ADAM v. UNITED STATES, 274 F.2d 880 (10th Cir. 1960)

Lewis ADAM, Appellant, v. UNITED STATES of America, Appellee.

No. 6257.United States Court of Appeals, Tenth Circuit.
January 22, 1960.

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David Butler, Denver, Colo. (Holland Hart, Denver, Colo., were with him on the brief), for appellant.

Jack R. Parr, Asst. U.S. Atty., Oklahoma City, Okla. (Paul W. Cress, U.S. Atty., Oklahoma City, Okla., was with him on the brief), for appellee.


BREITENSTEIN, Circuit Judge.

Appellant Adam challenges a 10-year sentence imposed after his plea of guilty to an information charging the interstate transportation of a forged instrument in violation of 18 U.S.C. § 2314. In a prior appeal[1] this court affirmed the judgment of the trial court entered after a post-sentence hearing in which Adam appeared and testified. The issues there resolved against Adam related to the voluntary waiver of counsel, the free and voluntary entry of a guilty plea without undue influence or coercion, and the asserted excessiveness of the sentence.

Adam filed in the court below a Motion for Writ of Error Coram Nobis asserting that the court was without jurisdiction and that the sentence was void because (1) there was no transportation of the instrument in interstate commerce and (2) there was no unlawful or fraudulent intent in the transportation. The trial court denied the requested hearing, treated the application as one for relief under 28 U.S.C. § 2255, held that the files and records of the case showed that movant was entitled to no relief, and denied the motion.

Through appointed counsel, Adam now urges that the right to relief by coram nobis exists under the All Writs Act,[2] was not abolished by § 2255, and requires a hearing with the movant in attendance.

In United States v. Morgan, 346 U.S. 502, 507, 74 S.Ct. 247, 98 L.Ed. 248, it was said that the common-law writ of coram nobis was available, without time limitation, to correct errors of fact that affect the validity and regularity of a judgment.[3] The use of the writ was confined to cases “where the errors were of the most fundamental character, that is, such as rendered the proceeding itself irregular and invalid.”[4]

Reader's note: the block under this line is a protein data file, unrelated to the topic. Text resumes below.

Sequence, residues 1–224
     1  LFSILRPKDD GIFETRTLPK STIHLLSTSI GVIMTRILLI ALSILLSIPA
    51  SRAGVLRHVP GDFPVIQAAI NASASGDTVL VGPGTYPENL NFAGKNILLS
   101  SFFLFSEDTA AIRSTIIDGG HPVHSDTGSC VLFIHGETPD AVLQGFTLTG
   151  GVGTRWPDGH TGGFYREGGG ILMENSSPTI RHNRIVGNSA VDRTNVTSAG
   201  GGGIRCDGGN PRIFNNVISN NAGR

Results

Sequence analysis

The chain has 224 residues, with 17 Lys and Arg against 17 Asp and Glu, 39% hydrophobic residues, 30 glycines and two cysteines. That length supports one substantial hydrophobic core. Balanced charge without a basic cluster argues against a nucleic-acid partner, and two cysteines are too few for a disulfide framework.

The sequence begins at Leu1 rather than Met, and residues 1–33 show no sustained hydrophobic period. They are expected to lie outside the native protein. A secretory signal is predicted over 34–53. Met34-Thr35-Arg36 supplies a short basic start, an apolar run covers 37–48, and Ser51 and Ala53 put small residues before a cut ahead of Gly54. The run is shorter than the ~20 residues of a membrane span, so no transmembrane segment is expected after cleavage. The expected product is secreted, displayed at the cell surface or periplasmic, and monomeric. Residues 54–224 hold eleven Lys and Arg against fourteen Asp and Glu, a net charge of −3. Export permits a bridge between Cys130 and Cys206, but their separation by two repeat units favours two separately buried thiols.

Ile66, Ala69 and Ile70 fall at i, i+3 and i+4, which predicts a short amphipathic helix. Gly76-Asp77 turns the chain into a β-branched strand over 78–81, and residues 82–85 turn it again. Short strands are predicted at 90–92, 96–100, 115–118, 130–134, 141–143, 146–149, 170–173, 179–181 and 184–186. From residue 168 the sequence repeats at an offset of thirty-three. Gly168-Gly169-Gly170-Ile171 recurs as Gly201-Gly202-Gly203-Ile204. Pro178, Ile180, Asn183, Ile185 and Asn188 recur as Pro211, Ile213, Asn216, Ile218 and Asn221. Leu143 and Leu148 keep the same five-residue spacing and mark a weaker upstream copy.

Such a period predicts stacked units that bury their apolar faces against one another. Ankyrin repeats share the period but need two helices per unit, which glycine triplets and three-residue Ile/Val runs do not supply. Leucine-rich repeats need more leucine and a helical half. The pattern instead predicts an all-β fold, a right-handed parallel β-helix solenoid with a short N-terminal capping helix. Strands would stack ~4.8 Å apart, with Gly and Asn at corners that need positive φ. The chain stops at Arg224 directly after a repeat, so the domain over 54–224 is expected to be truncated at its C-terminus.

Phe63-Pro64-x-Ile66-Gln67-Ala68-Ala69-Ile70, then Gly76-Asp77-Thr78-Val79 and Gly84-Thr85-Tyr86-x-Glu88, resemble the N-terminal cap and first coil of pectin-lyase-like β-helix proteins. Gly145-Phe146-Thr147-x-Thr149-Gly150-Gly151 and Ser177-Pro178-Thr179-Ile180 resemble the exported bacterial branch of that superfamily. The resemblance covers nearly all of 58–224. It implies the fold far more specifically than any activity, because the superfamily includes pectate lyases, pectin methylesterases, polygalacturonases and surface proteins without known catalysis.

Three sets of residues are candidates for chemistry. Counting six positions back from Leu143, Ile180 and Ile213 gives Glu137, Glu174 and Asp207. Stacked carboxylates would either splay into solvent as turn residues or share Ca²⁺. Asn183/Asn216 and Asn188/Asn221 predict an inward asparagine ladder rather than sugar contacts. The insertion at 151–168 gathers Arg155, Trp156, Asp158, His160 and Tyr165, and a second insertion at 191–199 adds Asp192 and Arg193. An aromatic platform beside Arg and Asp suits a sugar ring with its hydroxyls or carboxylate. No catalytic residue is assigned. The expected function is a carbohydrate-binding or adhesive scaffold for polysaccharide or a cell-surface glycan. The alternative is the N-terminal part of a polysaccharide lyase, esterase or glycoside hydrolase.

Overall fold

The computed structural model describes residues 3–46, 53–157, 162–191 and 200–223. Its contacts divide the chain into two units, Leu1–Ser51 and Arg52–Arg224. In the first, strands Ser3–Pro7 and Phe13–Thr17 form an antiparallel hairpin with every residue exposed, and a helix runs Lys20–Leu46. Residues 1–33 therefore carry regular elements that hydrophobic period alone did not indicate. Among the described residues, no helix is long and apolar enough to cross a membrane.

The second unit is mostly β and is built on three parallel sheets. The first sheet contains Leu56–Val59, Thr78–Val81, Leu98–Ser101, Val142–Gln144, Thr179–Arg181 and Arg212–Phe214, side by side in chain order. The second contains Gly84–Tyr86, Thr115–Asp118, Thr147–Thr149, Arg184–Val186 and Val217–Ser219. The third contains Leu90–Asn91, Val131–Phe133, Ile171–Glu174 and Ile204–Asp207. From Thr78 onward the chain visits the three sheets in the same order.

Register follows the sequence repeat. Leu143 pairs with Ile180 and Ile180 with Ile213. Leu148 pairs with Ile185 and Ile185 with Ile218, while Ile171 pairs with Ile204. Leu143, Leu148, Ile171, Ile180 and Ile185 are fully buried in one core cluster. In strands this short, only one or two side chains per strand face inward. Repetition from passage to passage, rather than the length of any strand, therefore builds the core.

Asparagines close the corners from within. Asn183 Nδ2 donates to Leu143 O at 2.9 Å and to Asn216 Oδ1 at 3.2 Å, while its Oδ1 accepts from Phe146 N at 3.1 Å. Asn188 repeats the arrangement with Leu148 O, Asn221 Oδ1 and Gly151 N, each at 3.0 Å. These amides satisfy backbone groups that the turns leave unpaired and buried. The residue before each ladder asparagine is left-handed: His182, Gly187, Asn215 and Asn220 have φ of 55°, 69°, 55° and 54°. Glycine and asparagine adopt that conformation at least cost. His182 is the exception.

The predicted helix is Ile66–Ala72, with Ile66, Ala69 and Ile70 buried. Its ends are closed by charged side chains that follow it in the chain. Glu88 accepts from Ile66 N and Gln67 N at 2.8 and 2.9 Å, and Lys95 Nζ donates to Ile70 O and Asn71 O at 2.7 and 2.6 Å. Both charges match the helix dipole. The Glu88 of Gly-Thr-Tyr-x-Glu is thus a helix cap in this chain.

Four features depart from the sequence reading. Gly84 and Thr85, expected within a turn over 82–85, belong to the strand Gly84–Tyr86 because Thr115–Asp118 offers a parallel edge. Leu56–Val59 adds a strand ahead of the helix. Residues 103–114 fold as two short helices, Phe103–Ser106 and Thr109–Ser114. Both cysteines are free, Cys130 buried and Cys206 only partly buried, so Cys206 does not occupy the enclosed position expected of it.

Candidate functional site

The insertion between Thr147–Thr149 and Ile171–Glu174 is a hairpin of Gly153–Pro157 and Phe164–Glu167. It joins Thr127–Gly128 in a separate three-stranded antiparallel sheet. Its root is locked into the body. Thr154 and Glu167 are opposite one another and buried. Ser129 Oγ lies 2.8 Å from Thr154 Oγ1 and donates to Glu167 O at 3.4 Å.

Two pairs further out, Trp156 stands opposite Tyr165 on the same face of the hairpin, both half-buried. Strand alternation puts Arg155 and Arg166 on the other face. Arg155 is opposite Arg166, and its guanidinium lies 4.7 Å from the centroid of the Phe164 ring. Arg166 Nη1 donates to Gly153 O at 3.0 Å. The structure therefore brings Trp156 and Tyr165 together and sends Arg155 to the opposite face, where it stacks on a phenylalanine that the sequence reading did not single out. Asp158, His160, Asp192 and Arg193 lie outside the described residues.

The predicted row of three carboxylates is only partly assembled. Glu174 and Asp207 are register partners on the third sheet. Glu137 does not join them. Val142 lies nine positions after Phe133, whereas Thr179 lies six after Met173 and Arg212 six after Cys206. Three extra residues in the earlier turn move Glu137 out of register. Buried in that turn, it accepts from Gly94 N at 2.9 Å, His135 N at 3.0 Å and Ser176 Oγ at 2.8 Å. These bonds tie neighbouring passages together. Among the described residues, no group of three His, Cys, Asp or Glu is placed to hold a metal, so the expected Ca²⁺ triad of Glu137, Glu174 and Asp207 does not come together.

In Morgan it was held that a United States District Court had the power under the All Writs Act to grant a motion in the nature of coram nobis. In considering the contention that a proceeding under § 2255 had covered the field of remedies formerly available under coram nobis, the Court pointed out that the remedy provided by § 2255 was available to a “prisoner in custody” under sentence of a court established by an act of Congress. In Morgan the movant was not in custody because he had completed serving his federal sentence. He sought relief from that sentence because it made him subject to a second offender sentence in a

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New York state court and he attacked the federal sentence on the ground that he was unconstitutionally denied representation by counsel.

In the case at bar Adam is in federal custody, serving a federal sentence. He is within the class to which the § 2255 remedy is available. No good would be served by a review of the purpose and effect of § 2255.[5] The query is whether the remedy there provided excludes a person within the class to which the section applies from the use of the remedy of coram nobis.

It is argued that the remedy is not exclusive because coram nobis requires a hearing to determine the factual issues raised while § 2255 by express language makes a hearing unnecessary if “the motion and the files and records of the case conclusively show that the prisoner is entitled to no relief.” The weakness of this theory lies in the premise that in a coram nobis proceeding a hearing must be held. In Morgan the proper waiver of counsel was a controverted issue of fact and the Court held that it could not be determined without a hearing. The same rule applies in § 2255 proceedings. In United States v. Hayman, supra, 342 U.S. at page 220, 72 S.Ct. at page 272, it was held that the district court did not proceed in conformity with § 2255 when it made findings on controverted facts without a hearing.